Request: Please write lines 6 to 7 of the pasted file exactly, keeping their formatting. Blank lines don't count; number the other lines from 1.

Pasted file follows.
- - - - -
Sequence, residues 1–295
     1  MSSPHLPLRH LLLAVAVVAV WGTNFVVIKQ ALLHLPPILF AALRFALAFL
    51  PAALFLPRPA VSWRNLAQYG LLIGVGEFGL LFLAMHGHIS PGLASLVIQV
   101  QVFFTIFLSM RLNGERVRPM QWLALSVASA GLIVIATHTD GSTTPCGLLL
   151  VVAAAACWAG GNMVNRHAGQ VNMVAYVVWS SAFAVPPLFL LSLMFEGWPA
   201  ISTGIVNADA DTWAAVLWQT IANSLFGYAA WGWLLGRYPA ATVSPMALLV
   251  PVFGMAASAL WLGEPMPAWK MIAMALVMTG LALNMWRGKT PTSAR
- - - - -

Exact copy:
   201  ISTGIVNADA DTWAAVLWQT IANSLFGYAA WGWLLGRYPA ATVSPMALLV
   251  PVFGMAASAL WLGEPMPAWK MIAMALVMTG LALNMWRGKT PTSAR